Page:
Despite demand, College loses professor

    Sixteen professors from various departments in the Arts and Sciences were granted tenure this spring, but less well-known are the stories of those professors who were not. In the economics department, a professor who is widely regarded as a great teacher, Jeffrey Gerlach, was not retained. He has found a new long-term position at an MIT–affiliated business school in Seoul, Korea, and will be on a fellowship at the Massachusetts Institute of Technology this fall.

    p. Several objective measures indicate student support for the professor. There were three sections of Economics 101 offered this semester, each with 150 slots and within half an hour of each other. While the class taught by Professor Gerlach was overbooked, with 167 registered, the two other course sections attracted just 89 and 78 students each.

    p. On, a widely-used website used by students to share their views on professors, Gerlach has a 3.9 “quality” rating, which is above the 3.6 average for tenured professors at the College. The quality rating is a combination of the “clarity” and “helpfulness” ratings.

    p. “When I teach Econ 101, I include many examples from business, politics and everyday life. I believe economics is very useful for understanding the real world and I try to demonstrate that in class,” Gerlach said of his teaching methods.

    p. “He is far and away my favorite teacher,” freshman Joe Hart, who has Gerlach for Econ 101 this semester, said. “He has made a subject that I did not think I would be appealing interesting, to the point that I would actually consider taking economics as a major.”
    Although The Flat Hat is not authorized to release the precise numbers, student evaluations of Gerlach’s classes have also been significantly above average.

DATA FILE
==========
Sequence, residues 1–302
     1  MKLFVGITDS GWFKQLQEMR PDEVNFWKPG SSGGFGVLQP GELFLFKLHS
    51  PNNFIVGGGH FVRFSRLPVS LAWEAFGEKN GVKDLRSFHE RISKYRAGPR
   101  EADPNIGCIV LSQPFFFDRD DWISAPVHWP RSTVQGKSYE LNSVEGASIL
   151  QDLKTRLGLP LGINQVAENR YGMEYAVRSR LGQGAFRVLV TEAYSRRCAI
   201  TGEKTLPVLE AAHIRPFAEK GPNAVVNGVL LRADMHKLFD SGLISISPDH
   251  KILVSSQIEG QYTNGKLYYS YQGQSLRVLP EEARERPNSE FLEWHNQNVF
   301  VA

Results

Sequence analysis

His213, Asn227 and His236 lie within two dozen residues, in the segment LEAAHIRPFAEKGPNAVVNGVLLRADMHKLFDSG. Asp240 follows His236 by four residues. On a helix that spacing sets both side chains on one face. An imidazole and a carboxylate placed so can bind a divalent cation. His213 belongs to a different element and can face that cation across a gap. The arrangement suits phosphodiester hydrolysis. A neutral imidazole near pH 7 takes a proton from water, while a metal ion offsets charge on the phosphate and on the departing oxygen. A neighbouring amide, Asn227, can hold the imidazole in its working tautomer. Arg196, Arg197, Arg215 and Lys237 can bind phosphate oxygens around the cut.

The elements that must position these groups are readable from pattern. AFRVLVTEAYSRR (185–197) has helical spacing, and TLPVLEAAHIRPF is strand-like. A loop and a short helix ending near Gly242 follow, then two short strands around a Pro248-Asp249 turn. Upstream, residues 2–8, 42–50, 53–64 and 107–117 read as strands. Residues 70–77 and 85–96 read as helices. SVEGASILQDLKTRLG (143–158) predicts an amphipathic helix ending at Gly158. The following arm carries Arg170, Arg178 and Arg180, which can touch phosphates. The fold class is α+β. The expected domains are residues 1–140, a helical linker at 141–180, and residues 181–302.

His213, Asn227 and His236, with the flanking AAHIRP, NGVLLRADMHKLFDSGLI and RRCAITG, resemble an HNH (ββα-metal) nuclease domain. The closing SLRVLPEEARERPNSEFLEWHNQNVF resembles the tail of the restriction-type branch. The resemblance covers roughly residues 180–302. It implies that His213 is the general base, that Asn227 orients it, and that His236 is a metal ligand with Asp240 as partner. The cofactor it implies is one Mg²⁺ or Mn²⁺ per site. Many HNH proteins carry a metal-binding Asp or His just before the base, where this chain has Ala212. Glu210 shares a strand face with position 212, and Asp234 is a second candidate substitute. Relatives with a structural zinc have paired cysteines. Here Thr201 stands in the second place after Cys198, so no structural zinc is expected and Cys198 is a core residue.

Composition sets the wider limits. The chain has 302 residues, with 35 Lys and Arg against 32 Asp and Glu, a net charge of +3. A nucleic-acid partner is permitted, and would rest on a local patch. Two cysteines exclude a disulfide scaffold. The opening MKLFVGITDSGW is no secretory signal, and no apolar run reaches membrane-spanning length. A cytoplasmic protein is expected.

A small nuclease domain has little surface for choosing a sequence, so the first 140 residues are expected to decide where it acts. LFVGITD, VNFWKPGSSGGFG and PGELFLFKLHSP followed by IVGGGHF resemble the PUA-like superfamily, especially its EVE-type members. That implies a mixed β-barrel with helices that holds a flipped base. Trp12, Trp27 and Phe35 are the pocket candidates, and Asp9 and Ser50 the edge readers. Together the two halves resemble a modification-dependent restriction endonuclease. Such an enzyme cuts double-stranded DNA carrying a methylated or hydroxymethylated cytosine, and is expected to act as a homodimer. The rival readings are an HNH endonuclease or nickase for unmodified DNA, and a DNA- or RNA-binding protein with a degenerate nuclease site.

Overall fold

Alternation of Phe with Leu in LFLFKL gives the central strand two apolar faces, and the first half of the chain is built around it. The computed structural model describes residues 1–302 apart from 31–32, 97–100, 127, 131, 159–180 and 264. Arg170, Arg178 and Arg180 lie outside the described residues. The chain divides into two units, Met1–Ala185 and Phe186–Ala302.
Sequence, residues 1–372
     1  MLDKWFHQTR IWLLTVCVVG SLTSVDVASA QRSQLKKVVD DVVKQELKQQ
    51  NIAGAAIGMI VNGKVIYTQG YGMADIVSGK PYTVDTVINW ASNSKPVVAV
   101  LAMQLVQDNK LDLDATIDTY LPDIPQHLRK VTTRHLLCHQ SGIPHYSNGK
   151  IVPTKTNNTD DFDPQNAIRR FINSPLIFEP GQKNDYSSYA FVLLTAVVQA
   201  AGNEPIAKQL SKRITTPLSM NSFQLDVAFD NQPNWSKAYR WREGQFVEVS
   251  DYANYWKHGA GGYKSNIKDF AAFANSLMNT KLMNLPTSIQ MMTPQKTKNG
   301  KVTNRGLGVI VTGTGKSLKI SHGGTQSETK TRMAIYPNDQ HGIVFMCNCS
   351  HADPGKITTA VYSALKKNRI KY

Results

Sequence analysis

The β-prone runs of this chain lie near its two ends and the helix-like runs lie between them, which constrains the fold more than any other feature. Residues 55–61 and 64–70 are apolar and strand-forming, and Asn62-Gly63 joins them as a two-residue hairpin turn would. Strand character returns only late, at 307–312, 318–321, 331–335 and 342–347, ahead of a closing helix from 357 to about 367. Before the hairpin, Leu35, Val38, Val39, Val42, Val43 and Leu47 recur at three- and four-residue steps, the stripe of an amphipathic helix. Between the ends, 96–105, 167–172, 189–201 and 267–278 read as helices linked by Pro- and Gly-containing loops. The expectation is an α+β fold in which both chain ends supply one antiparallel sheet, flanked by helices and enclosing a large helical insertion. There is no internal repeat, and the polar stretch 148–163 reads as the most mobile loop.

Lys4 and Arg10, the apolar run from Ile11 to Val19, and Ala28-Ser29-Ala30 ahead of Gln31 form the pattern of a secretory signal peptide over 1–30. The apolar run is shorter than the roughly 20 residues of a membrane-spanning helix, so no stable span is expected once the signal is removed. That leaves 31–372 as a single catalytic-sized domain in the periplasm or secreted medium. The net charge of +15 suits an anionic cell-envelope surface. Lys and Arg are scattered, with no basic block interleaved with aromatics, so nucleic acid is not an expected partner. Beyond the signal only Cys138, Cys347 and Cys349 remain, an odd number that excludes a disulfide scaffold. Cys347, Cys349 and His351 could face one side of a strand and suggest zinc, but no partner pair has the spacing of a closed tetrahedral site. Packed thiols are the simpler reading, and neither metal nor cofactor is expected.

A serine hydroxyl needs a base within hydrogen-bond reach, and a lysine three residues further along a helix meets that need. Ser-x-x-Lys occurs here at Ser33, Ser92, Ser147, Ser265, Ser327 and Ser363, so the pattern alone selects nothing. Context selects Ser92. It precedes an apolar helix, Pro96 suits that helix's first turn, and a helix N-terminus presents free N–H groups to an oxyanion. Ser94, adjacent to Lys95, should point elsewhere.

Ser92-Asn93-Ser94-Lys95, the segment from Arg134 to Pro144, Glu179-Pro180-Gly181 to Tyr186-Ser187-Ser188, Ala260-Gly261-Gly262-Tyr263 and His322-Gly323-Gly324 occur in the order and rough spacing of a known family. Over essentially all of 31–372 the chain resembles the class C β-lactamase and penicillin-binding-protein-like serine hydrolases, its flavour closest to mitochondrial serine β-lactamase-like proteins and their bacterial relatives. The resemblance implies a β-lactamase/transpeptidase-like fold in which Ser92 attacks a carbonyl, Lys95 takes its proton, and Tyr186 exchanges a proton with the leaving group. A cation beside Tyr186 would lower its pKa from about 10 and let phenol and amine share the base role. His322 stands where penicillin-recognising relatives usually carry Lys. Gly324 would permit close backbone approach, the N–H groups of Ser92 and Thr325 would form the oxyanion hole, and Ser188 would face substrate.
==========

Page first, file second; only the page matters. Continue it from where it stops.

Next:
p. Department Chair Clyde Haulman agreed that Gerlach was a good teacher but would offer no further comment about Gerlach’s specific case because it was a personnel issue.

    p. Dean of Arts and Sciences Carl Strikwerda agreed that it would not be appropriate for department chairs to discuss individual hiring decisions, even though the university is a public institution.

    p. “The College, like almost all employers, does not comment upon personnel matters, “Strikwerda told The Flat Hat in an e-mail. “The final decision to grant tenure by the Board of Visitors is taken only after thorough deliberation by the department, an elected faculty committee, deans and the provost, along with extensive input from students and from scholars off-campus.”

    p. Haulman commented on the tenure process in general, saying that the department evaluated professors based on three areas of ability: teaching, research and service.

    p. “Those three areas are independent of one another in the sense that you could be way over the expected level in one, but that doesn’t make up for being below the expected level in another,” Haulman said.

    p. Given Gerlach’s teaching credentials, this may indicate that tenured professors in the department had reservations about his publications and research. While Gerlach has had four published and forthcoming publications in economics journals during the six years since he earned his Ph.D., the accessible curriculum vitae of tenured faculty indicates that they had, on average, slightly more: 4.5 publications in economics journals during their first six years. Haulman had no comment on the analysis, other than that both quantity and quality were important.

    p. “I have very much enjoyed working at William and Mary and am grateful for the opportunity the College gave me,” Gerlach said. “In every class I taught, there were bright and well-motivated students who made teaching an enjoyable experience. Although I will undoubtedly miss the students at William and Mary, I am very excited about my new position at the SKK Graduate School of Business in Seoul, South Korea … For both professional and financial reasons, this is a great opportunity for me and I can’t wait to get started.”

    p. Another assistant professor, Sara LaLumina, is also leaving the department next year. Two new assistant professors, who are both expected to receive their Ph.D’s from the University of Michigan this spring have been hired.

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